PHOENIX, AZ – According to reports, Arizona Republican gubernatorial candidate Kari Lake filed an amicus curiae brief in support of the Arizona Republican Party’s suit to dial back “no-excuse” mail-in voting and eliminate ballot drop boxes.

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For those unaware, an aptly dubbed “high profile case,” according to the AZ Courts’ official website, was filed in the state supreme court on February 25th where the Arizona Republican Party is pushing back on the COVID-era popularized style of voting via mass mail-in ballots and drop boxes.

In “AZ REPUBLICAN PARTY et al v KATIE HOBBS et al,” three general arguments against the aforementioned grievance are presented.

  • Signature Verification Guidelines Must Be Included in the Elections Procedures Manual
  • The Secretary (Katie Hobbs) May Not Authorize Voting Via Drop-boxes
  • No-excuse Mail-in (or “Early” or “Absentee”) Voting Is Unconstitutional, Either in Whole or in Part; Alternatively, It Must Be Narrowly Construed to Conform to the Arizona Constitution

The first first of the two presented arguments are pretty straightforward, and thus needn’t much context to digest, but the third in itself betrays the matter is a bit more nuanced and can be subject to any number of interpretations.

Attorneys involved in the suit are essentially arguing that the usage of the term “at the polls” in Article 4 Part 1 Section 1 of Arizona’s constitution implies that voters are only to vote “at the polls.” This sort of interpretation is likely to be heavily debated during the course of the suit.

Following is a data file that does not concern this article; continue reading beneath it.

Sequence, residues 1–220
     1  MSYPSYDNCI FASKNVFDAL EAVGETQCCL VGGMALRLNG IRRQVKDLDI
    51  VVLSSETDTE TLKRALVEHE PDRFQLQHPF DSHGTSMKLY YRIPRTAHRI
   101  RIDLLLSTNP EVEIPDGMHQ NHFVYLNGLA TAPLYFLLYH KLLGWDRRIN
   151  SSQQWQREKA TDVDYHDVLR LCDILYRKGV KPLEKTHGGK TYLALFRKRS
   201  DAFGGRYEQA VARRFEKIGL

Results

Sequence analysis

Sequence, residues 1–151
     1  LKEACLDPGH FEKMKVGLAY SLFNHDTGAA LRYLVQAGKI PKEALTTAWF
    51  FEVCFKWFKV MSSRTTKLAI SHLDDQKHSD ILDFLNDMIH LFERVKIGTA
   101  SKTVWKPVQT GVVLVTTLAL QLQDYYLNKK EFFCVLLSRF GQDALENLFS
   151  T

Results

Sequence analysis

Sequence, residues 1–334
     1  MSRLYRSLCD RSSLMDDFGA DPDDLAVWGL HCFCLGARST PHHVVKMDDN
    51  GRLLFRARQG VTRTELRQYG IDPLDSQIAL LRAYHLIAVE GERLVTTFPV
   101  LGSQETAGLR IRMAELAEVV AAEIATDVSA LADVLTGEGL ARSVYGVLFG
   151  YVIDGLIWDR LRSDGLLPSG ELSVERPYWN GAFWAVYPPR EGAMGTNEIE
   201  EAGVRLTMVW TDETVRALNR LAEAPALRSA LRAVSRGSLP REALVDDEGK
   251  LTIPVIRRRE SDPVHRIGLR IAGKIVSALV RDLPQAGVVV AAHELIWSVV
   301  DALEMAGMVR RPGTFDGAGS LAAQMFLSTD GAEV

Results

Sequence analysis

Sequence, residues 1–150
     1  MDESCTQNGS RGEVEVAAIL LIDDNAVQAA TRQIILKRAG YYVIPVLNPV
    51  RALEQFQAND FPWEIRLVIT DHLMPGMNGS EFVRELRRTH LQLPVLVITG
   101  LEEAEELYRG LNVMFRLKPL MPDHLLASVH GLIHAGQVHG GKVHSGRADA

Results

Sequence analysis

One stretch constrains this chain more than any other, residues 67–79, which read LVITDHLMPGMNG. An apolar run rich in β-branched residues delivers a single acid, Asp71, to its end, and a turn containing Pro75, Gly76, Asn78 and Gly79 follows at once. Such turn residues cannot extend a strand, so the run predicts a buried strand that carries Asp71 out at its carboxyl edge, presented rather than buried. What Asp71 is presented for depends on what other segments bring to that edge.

On March 9th, gubernatorial candidate Lake filed what’s known as a amicus curiae brief in support of the AZ GOP’s suit, which roughly translates to “friend of the court.”

This sort of brief is filed when a non-party of the case, in this instance being Lake, wants the court to consider their perspective on a given case before a decision is reached.

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In the amicus curiae brief filed by Lake, she raised her concerns about excessive mail-in voting, highlighting that she believes it to run afoul of the Arizona constitution.

“Amicus Curiae Kari Lake requests that this Court grant the Petition for Review and grant the relief requested. No-excuse mail-in voting is not consistent with the Arizona Constitution and its requirements for ballot secrecy and voting on a single Election Day.

“If the voters of this state want to amend the Arizona Constitution, they may do so upon proper exercise of the right to initiative or legislative referral. But they must be the ones to do it. Simply because some find mail-in voting more convenient is no reason to dispense with the Constitution. And Arizona voters would be amending the Constitution with full knowledge of the problems created by no-excuse mail-in voting, as was on very vivid display in the 2020 election.”

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